Question about the USB Traffic speed setting. INDI defaults it to 30. Does changing it make any difference? There's a qhyccd facebook post about reducing amp glow (on a *different* qhy camera) by setting traffic speed to 0. Does that apply to the 183?

 

If it does make a difference, and I change it - I assume new darks are in order, correct?



#1183 bobzeq25

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Posted 26 July 2021 - 09:53 PM

FWIW, my experience.

 

I've never changed the default USB traffic setting on my 183s (I have both).

 

Using carefully done bias, flats, and darks, I have never had an amp glow issue.  I use PixInsight to calibrate the lights, do the individual steps instead of using a script.

 

Never.  <smile>


Edited by bobzeq25, 26 July 2021 - 09:55 PM.


#1184 dx_ron

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Posted 27 July 2021 - 08:11 AM

Thanks. It is unlikely, but possible, that the INDI default value is different from the native QHY value.

 

Anyway, my amp glow calibrates out nicely. I'm just getting to a level of familiarity with the system where every once in a while I notice a parameter I haven't learned about yet and wonder what it actually does.



#1185 SilverLitz

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Posted 27 July 2021 - 08:14 AM

Though I do not have the experience of Bob, the ASI183mm-Pro has been my main camera for 2+ years (though I now also have a QHY268M, which will be the Big Dog).  I also go with the defaults on traffic; I see that as an option for my 268, but I do not recall seeing it as a user option to change on my 183.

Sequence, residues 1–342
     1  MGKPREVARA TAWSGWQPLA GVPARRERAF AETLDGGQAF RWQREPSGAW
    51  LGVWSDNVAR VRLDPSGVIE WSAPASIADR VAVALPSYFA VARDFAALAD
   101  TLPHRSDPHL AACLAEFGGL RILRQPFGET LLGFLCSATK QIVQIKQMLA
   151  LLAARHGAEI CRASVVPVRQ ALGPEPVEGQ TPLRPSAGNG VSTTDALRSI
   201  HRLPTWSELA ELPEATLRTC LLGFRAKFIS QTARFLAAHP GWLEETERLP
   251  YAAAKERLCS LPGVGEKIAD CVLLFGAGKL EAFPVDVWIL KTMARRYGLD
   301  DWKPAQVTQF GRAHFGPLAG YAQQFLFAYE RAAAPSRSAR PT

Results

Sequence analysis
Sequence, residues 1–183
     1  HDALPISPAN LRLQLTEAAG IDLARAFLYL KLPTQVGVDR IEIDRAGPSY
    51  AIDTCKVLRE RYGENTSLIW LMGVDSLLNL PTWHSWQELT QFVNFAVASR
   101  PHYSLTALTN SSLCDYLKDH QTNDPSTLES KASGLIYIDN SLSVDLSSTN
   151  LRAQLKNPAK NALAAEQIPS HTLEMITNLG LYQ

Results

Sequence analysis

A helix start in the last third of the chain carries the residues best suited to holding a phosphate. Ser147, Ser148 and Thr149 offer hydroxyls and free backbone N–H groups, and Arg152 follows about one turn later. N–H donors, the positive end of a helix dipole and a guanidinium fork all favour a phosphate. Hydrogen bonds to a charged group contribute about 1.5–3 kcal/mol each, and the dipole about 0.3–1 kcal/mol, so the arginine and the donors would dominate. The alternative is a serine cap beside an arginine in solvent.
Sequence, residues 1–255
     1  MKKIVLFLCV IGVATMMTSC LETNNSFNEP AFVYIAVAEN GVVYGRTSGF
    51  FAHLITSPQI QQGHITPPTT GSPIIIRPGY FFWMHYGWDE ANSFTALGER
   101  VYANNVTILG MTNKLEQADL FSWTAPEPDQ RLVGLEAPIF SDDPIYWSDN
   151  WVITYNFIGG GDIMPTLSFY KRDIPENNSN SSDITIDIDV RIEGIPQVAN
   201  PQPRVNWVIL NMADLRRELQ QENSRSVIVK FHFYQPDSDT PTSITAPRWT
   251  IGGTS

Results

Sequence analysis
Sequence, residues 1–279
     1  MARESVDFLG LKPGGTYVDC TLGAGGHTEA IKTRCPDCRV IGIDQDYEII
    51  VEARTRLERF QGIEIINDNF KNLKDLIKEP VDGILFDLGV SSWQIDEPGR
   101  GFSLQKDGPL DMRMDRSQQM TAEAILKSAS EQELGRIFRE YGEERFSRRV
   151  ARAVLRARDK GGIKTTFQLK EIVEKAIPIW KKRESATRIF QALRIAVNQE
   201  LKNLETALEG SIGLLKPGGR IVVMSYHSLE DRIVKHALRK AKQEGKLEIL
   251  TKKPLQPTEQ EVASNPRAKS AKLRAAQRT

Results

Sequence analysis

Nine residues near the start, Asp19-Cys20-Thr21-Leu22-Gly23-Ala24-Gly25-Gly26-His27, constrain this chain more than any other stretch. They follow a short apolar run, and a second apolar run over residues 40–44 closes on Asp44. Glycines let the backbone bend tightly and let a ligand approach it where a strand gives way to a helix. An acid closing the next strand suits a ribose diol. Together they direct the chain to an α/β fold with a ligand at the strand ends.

I have not had issues with amp glow not calibrating out using PI.  There was a case with residual amp glow when I was using DSS.  This bad case with DSS was when the Master Dark was in a different tab than my lights; e.g. R,G,B in different tabs but with them all having the same exposure, the dark was only in the R tab.  When I had all the calibration masters in the same tab as the lights, DSS calibrated fine.


Edited by SilverLitz, 27 July 2021 - 08:15 AM.

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#1186 Keudn

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Posted 06 August 2021 - 03:54 PM

Hey all quick question,

 

I am heading out to a dark site (I usually shoot from my apartment in town) this next week and the forecast is showing mostly clear skies with maybe some small clouds popping up basically the whole week. I've taken this camera to a dark site one other time, and I found with my LRGB filters I needed to shoot roughly 6-8 minutes to get enough light at unity gain.

 

My question is, if I'm worried about clouds ruining frames when they are 6-8 minutes (plus satellites which I struggled with last time) and not having enough good frames after its all said and done, should I change up my gain? I know Jon likes shooting at 53 gain for dark sites or with narrowband, would it be a good idea to change it up and shoot at 53 for this trip? I haven't messed with changing my gain away from unity yet and I'm a bit nervous about changing it now and potentially making a mistake and ruining the data from this trip because of it. Its as simple as change the setting in software, and then make sure I have calibration frames at the same gain as well, right?



#1187 bigeastro

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Posted 06 August 2021 - 04:01 PM